It happens, doesn’t it? For some of us, something ridiculously minor can shift our moods south.
Like, maybe, waiting for a response on a not necessarily important email.
Because when enough of lack of responses to unimportant emails start adding up, you start to wonder if you’re being ignored / the person hates you / you did something wrong?
Or how about this example. You’re feeling good, somewhat centred, then someone says something totally left-field and throws you off balance.
Then you spend the rest of the day obsessing, reconciling, or worse, crashing from what had transpired.
How the hell do we deal with these unexpected triggers?
Well, the first thing is to understand your triggers. And by this, I mean really dive deep within yourself and see if you can recognise any patterns for when you react the way you do.
You have to really think deep on this one. It isn’t enough to say that “oh, my family is a trigger”.
What about your family is a trigger? What, and how does it make you feel?
I read this fantastic article Why You Freak Out that got me thinking about my crashes and I realised that, for me, they all came down to one thing.
I cannot remember a time when it was ever ok for someone to have walked away with the wrong impression of me.
When I was younger, if someone said something that wasn’t accurate, I always had to clarify.
Nothing wrong with that, you might think.
Yes, but I had to do it EVERY, SINGLE time. There is no way I could just let it go, even if it was just something minor.
I had to make sure that they understood what was fact.
What was the implication? Well, at work, all misunderstandings were quickly quashed, often quite passionately. Meaning, angrily.
I remember jumping off my seat, and huffing my way to another colleague’s desk just because she said that a campaign would launch at another date, not the date I was planning for.
Really? Did I have to be so… PASSIONATE about my deadlines?? Well, it wasn’t so much about the deadline but more about it being an assault on my perfect professionalism. Geez, extrapolate much? 😊
Of course, looking back, I know that that was just too much.
Still, that wasn’t the worst of it. It was just work after all.
The worst moments are with family. When I think that they do not get me. And among them all, the most painful ones are with my mother.
I had originally written a version of this article where I had examples of the many, many times I had either walked off in a state of catatonia or collapsed into a puddle of tears when I reached home.
What I wrote was brutally honest BUT weeks have passed and upon pondering further, I just do not want to publish those examples relating to my biggest trigger. I don’t want to hurt her, plain and simple.
I even borrowed Prozac Nation by Elizabeth Wurtzel, the author dubbed the voice of “our” generation, much-lauded for her frank, confessional writing about her battle with depression.
I wanted to know how she handled the touchy subject of parents, especially her mother.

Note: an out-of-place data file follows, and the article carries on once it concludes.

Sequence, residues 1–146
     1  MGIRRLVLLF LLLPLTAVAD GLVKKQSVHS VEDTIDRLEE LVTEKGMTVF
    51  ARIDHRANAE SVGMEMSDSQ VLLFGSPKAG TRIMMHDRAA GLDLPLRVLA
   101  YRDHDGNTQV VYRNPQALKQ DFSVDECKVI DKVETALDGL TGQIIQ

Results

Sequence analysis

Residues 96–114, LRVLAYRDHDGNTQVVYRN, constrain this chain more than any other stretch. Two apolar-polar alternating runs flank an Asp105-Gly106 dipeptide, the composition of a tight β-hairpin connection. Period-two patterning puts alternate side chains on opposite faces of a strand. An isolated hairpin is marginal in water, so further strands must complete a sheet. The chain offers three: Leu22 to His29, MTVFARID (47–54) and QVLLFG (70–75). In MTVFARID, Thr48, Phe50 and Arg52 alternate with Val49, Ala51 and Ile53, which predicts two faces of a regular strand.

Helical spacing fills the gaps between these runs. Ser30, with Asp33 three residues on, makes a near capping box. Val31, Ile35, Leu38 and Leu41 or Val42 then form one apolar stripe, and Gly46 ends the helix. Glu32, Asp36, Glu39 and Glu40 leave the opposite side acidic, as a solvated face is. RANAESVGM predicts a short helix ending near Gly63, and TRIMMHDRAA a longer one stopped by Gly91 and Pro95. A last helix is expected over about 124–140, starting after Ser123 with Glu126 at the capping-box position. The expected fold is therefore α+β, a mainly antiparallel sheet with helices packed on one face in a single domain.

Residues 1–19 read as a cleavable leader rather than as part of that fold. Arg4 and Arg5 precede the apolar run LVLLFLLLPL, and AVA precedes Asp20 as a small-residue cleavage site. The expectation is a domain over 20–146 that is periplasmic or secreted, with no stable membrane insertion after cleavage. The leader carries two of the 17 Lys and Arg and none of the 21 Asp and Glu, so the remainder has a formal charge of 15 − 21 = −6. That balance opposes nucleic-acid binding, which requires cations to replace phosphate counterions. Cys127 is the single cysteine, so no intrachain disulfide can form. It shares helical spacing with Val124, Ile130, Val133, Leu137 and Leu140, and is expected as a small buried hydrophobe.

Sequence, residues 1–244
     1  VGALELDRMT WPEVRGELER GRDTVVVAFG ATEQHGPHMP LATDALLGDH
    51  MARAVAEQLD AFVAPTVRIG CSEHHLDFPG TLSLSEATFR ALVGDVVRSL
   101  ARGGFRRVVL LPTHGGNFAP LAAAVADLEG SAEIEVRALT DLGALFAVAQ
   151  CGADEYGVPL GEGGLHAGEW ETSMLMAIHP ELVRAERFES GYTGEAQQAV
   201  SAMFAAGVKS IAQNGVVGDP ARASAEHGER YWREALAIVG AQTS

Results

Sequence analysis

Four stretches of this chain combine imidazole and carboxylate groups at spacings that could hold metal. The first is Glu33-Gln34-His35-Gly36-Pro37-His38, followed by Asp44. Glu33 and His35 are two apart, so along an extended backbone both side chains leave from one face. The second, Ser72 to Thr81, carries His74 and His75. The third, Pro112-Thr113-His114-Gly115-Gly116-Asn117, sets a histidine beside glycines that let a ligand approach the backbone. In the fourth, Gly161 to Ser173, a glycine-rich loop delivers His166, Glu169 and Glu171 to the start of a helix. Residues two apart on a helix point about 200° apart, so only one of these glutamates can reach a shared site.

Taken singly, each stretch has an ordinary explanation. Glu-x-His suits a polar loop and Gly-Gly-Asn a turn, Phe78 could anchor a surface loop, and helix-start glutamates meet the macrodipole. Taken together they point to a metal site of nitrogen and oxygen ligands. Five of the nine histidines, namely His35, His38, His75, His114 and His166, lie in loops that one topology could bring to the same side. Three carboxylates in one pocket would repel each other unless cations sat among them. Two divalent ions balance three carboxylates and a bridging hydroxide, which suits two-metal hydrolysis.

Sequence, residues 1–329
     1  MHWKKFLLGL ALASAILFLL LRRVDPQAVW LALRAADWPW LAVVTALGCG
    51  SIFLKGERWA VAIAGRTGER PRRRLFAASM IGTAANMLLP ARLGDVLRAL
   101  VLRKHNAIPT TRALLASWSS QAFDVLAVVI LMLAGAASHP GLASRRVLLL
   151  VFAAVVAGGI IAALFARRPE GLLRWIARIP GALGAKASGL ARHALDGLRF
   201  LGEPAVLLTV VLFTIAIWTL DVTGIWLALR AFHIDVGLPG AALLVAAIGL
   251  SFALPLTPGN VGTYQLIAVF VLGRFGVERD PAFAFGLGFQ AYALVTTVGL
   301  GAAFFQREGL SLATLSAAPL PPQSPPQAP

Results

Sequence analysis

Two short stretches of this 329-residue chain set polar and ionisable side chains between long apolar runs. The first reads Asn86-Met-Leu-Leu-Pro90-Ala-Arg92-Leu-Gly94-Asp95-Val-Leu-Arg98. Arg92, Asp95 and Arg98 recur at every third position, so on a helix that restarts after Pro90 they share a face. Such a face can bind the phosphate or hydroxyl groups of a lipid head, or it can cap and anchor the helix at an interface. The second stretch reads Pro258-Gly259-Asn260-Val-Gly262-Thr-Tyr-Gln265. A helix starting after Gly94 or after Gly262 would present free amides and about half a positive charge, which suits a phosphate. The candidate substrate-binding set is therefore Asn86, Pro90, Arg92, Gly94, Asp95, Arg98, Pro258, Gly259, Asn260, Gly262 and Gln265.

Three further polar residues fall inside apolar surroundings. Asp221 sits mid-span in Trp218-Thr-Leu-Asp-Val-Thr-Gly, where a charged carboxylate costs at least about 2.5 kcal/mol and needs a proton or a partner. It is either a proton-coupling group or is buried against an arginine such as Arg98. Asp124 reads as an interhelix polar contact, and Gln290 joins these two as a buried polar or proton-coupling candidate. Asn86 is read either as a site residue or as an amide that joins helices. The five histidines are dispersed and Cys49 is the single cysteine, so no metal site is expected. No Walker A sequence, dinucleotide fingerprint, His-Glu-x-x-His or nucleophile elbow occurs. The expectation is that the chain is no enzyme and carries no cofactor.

And I didn’t find what I was looking for.
So I decided that I would just keep my original article safe in my private cloud, written as a form of private release.
Anyway, let’s get back to it.
I was talking about understanding your triggers. And in my case it’s being misunderstood and I believe that’s a result of years of being misunderstood my family.
Because I have understood that being misunderstood is a key trigger for me, I try to do the following. I am not a psychologist and I am 100% certain that many of the points below aren’t the “healthiest” of options but I’m just sharing what I do.
1. I’m careful what I say around people who can trigger me. For all intents and purposes, it amounts to not having much of a relationship with them.
By doing that, I give myself some temporary peace of mind to get the interaction over and done with.
But then after, all the repression starts eating away at me.
Then I can’t sleep, I continue hating the person, I don’t communicate with them, I hate them even more… it’s a vicious cycle.
2. I try to talk myself out of the “slights”. But then I spend too much time talking myself out of it. Aargh, if only I could be like Nadal and just reset in 20 seconds.
But I can’t. Days can go by with me still being bothered by what was said.
3. I have my reinforcements ready. That usually refers to my hubby or a friend. If I think I’m going to have a tough one, I’ll plan to meet someone who can “help” give me perspective. Or just listen.
Having someone to talk to helps with preventing my mind from drowning into a black hole of pain.
4. I am trying not to let this need for validation drive me. I have always been that perfect student, daughter, employee (well, maybe just in my mind, but I have always busted my ass to make sure that I am doing my best).
So, in the past, when people misunderstood my behaviour or my actions, it would upset me.
But now, if someone “misunderstands” me, I don’t always try to correct them. If the person is important to me, and if it the matter is something important, then yes.
Otherwise I try to let it go.
So that’s my amateur understanding of the underlying reason for my trigger. And how I try to deal with it. What is yours, and how are you managing it? Share below!
2 thoughts on “Out of nowhere, you’re triggered and you crash…”
The subtle art of not giving a fuck by Mark Manson
Well, I agree with the not giving a f*** for sure. I used to do it with such panache.. as i grow older, i seem to be giving too many F***s. I need to revert to my younger self.